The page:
This is Part 5 of 7 of the highlights from “Illuminating the Path: The Research and Development Agenda for Visual Analytics.” Please see this post for an introduction to the study and access to the other 6 parts.
The visualization of information “amplifies human cognitive capabilities in six basic ways” by:
- Increasing cognitive resources, such as by using a visual resource to expand human working memory;
- Reducing search, such as by representing a large amount of data in a small place;
- Enhancing the recognition of patterns, such as when information is organized in space by its time relationships;
- Supporting the easy perceptual inference of relationships that are otherwise more difficult to induce;
- Enabling perceptual monitoring of a large number of potential events;
- Providing a manipulable medium that, unlike static diagrams, enables the exploration of a space of parameter values.
The table below provides additional information on how visualization amplifies cognition:
Clearly, “these capabilities of information visualization, combined with computational data analysis, can be applied to analytic reasoning to support the sense-making process.” The National Visualization and Analysis Center (NVAC) thus recommends developing “visually based methods to support the entire analytic reasoning process, including the analysis of data as well as structured reasoning techniques such as the construction of arguments, convergent-divergent investigation, and evaluation of alternatives.”
Since “well-crafted visual representations can play a critical role in making information clear […], the visual representations and interactions we develop must readily support users of varying backgrounds and expertise.” To be sure, “visual representations and interactions must be developed with the full range of users in mind, from the experienced user to the novice working under intense pressure […].”
As NVACs notes, “visual representations are the equivalent of power tools for analytical reasoning.” But just like real power tools, they can cause harm if used carelessly. Indeed, it is important to note that “poorly designed visualizations may lead to an incorrect decision and great harm. A famous example is the poor visualization of the O-ring data produced before the disastrous launch of the Challenger space shuttle […].”
This is why we need some basic principles for developing effective depictions, such as the following:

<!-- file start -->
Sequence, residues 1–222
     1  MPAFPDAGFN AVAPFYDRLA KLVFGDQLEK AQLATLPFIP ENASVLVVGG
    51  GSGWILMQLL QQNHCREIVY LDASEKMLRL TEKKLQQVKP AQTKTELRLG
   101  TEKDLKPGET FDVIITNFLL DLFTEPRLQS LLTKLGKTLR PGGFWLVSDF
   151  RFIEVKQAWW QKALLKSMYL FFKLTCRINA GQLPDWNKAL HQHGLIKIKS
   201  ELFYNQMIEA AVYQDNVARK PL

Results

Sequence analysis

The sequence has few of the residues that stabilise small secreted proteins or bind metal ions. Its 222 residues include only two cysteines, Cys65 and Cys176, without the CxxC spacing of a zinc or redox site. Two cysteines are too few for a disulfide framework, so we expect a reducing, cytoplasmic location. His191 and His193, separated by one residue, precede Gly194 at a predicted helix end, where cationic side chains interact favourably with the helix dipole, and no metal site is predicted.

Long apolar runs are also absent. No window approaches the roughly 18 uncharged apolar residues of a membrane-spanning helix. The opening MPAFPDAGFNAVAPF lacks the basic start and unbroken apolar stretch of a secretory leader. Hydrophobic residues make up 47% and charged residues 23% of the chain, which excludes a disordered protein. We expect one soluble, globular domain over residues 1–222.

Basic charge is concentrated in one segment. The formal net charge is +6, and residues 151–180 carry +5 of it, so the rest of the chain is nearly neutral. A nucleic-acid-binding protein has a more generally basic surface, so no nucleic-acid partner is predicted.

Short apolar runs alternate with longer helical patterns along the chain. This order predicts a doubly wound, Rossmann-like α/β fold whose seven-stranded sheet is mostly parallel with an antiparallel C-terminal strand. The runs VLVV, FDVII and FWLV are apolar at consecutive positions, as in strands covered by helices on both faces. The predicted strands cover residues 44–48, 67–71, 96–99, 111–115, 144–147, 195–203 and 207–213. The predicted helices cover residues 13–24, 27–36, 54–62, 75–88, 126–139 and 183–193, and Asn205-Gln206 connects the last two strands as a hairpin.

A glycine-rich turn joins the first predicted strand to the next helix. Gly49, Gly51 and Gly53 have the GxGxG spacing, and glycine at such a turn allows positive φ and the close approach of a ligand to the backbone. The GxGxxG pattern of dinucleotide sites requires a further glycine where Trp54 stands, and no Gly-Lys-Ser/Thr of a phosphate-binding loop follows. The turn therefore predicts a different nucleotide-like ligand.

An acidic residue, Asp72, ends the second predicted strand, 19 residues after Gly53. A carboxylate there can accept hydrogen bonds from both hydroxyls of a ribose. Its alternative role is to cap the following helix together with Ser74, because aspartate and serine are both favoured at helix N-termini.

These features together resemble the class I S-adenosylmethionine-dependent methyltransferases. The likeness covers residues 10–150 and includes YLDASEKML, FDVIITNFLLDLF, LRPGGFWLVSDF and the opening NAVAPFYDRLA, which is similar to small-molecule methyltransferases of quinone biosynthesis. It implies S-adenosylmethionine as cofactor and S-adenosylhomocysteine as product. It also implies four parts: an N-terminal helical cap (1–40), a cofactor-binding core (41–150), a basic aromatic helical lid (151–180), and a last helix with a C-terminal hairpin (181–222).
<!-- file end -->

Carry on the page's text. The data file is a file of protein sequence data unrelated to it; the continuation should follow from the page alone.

- Appropriateness Principle: the visual representation should provide neither more or less information than that needed for the task at hand. Additional information may be distracting and makes the task more difficult.
- Naturalness Principle: experiential cognition is most effective when the properties of the visual representation most closely match the information being represented. This principle supports the idea that new visual metaphors are only useful for representing information when they match the user’s cognitive model of the information. Purely artificial visual metaphors can actually hinder understanding.
- Matching Principle: representations of information are mst effective when they match the task to be performed by the user. Effective visual representations should present affordances suggestive of the appropriate action.
- Congruence Principle: the structure and content of a visualization should correspond to the structure and content of the desired mental representation.
- Apprehension Principle: the structure and content of a visualization should be readily and accurately perceived and comprehended.
Further research is needed to understand “how best to combine time and space in visual representation. “For example, in the flow map, spatial information is primary” in that it defines the coordinate system, but “why is this the case, and are there visual representations where time is foregrounded that could also be used to support analytical tasks?”
In sum, we must deepen our understanding of temporal reasoning and “create task-appropriate methods for integrating spatial and temporal dimensions of data into visual representations.”
Interactive Interface Design
It is important in the visual analytics process that researchers focus on visual representations of data and interaction design in equal measure. “We need to develop a ‘science of interaction’ rooted in a deep understanding of the different forms of interaction and their respective benefits.”
For example, one promising approach for simplifying interactions is to use 3D graphical user interfaces. Another is to move beyond single modality (or human sense) interaction techniques.
Indeed, recent research suggests that “multi-modal interfaces can overcome problems that any one modality may have. For example, voice and deictic (e.g., pointing) gestures can complement each other and make it easier for the user to accomplish certain tasks.” In fact, studies suggest that “users prefer combined voice and gestural communication over either modality alone when attempting graphics manipulation.”
Patrick Philippe Meier